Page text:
Overall, competition is harmful because it is not maximizing company results nor the performance by the largest number of people. Competition works for the competitive and not for everyone. Discussing these issues and opportunities in the context of collaboration and communications offers the chance that people may choose to behave differently, or at least be more aware of how they are influencing others in their workplace.

So, a key to organizational improvement comes directly out of debriefing on ideas and reflecting on choices so that different choices can be made in the future that would allow for a culture shift of some kind.

The Search for The Lost Dutchman's Gold Mine is a fun and powerful way to learn more about teambuilding and collaboration

Find our articles on organizations and performance

We support all kinds of innovation, motivation, engagement, team building and other aspects of people and performance through the sale of our simple tools for facilitating change and improvement. You can find out more about these by clicking on the link below:

Performance Management Company website for team building

For the FUN of It!

Scott DebriefDr. Scott Simmerman is a designer of team building games and organization improvement tools. Managing Partner of Performance Management Company since 1984, he is an experienced presenter and consultant.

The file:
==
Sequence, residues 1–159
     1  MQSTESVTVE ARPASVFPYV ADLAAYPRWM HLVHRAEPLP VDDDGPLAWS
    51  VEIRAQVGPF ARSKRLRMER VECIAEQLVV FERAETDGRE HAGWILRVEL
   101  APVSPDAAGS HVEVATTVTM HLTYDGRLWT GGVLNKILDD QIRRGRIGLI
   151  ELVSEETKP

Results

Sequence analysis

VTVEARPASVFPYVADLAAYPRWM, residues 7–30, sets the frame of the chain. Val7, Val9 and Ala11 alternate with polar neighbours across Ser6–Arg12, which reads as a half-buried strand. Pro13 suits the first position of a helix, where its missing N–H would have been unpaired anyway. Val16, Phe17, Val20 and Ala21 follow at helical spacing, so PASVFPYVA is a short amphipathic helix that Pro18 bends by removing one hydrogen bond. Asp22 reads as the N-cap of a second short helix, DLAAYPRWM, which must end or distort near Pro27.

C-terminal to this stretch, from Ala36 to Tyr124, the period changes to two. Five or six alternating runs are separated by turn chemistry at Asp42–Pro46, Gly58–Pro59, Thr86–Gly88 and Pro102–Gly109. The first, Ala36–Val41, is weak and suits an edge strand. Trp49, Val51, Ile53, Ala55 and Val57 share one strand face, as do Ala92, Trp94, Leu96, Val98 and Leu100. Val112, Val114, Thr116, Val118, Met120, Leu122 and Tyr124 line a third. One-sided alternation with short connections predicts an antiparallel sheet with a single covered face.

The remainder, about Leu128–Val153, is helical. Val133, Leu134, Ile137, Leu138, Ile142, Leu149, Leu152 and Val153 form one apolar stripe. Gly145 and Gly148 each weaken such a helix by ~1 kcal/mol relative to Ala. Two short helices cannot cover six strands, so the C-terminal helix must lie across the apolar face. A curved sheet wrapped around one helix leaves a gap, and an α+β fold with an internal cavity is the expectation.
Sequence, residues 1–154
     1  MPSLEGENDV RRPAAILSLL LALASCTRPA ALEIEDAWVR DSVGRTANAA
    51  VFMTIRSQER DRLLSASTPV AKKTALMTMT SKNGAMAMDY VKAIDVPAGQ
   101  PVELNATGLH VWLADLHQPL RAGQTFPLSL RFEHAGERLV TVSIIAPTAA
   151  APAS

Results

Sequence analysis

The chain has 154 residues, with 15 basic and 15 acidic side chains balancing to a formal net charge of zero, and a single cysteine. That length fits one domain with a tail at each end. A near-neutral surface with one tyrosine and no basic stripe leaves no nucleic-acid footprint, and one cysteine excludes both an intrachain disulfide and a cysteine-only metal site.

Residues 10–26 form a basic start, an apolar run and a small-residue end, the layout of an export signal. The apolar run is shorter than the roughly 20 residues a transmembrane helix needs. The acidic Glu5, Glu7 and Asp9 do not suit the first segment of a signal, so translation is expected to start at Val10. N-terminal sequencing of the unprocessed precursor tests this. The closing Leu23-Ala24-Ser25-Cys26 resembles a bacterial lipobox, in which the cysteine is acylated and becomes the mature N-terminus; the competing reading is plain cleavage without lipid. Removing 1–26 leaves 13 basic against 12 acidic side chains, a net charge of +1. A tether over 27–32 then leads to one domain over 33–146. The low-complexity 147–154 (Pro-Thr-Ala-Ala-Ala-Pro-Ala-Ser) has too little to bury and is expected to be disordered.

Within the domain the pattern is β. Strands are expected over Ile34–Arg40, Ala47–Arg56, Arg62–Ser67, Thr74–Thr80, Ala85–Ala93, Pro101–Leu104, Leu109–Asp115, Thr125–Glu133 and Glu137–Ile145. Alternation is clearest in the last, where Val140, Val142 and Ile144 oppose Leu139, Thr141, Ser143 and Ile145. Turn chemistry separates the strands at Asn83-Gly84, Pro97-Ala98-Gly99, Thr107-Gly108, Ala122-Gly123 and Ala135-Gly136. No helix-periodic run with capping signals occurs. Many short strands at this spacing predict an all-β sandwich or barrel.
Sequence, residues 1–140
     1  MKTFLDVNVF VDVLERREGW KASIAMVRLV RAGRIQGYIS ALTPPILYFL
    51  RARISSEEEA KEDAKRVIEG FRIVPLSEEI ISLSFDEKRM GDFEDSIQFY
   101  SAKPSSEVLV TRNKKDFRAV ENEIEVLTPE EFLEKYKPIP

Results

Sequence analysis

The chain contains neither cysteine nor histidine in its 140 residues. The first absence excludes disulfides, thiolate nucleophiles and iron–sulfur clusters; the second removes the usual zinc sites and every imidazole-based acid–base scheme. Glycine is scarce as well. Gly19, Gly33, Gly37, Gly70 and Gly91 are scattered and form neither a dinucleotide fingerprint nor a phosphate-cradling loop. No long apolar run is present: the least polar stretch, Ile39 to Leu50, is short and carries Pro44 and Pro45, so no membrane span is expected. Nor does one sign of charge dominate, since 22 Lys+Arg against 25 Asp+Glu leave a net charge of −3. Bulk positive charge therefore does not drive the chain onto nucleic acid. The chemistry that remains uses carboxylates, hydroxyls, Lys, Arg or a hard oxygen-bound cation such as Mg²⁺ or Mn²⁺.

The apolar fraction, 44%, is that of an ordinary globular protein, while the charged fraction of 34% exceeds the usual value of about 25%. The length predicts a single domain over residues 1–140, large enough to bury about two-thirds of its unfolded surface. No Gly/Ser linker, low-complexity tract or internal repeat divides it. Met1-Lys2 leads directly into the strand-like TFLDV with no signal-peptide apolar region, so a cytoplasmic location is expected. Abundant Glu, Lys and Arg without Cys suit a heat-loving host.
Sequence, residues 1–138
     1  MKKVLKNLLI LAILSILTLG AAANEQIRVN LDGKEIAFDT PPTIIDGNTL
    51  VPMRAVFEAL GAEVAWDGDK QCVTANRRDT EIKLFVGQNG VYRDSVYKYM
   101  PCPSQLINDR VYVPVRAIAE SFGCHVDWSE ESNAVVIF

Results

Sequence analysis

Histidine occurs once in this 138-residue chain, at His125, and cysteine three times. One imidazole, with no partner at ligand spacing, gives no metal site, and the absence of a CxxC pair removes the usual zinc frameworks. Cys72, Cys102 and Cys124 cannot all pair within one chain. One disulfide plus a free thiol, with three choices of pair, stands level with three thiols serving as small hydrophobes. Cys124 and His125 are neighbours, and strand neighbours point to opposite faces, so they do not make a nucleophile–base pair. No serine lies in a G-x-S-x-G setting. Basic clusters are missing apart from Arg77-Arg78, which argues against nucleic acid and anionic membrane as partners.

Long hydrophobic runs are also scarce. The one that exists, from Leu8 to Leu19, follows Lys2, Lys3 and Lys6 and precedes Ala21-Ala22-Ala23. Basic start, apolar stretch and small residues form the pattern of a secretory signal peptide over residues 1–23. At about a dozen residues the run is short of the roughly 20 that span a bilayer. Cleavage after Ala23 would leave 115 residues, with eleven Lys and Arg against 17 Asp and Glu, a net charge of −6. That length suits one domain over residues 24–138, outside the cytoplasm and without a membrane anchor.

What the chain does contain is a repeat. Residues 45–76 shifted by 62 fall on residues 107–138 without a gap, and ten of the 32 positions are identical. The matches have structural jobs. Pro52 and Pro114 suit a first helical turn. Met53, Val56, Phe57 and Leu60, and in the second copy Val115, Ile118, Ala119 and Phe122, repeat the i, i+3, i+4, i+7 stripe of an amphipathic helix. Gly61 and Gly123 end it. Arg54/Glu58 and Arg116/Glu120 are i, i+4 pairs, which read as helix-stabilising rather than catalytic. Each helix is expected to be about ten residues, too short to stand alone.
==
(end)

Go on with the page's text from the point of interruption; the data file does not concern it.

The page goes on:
Connect with Scott on Google+ – you can reach Scott at scott@squarewheels.com

Follow Scott’s posts on Pinterest: pinterest.com/scottsimmerman/
Scott’s blog on Poems and Quips on Workplace Improvement is here.

 

Optimizing Profit through Collaboration – Ideas for Lost Dutchman Deliveries

We designed and sell The Search for The Lost Dutchman’s Gold Mine, a team building exercise focused on planning and collaboration, among other key outcomes. A recent purchaser sent me an email this morning with a simple question but one that I thought merited some elaboration, since there are any number of design features and delivery spins that impact the desired outcomes of the client.

Hello Scott,

I am thoroughly enjoying facilitating the Lost Dutchman’s Gold Mine team building.  🙂

So far I have had groups between 40 – 50.  Next week I have a smaller one (4 teams).  How many videos do you suggest I have on hand of each?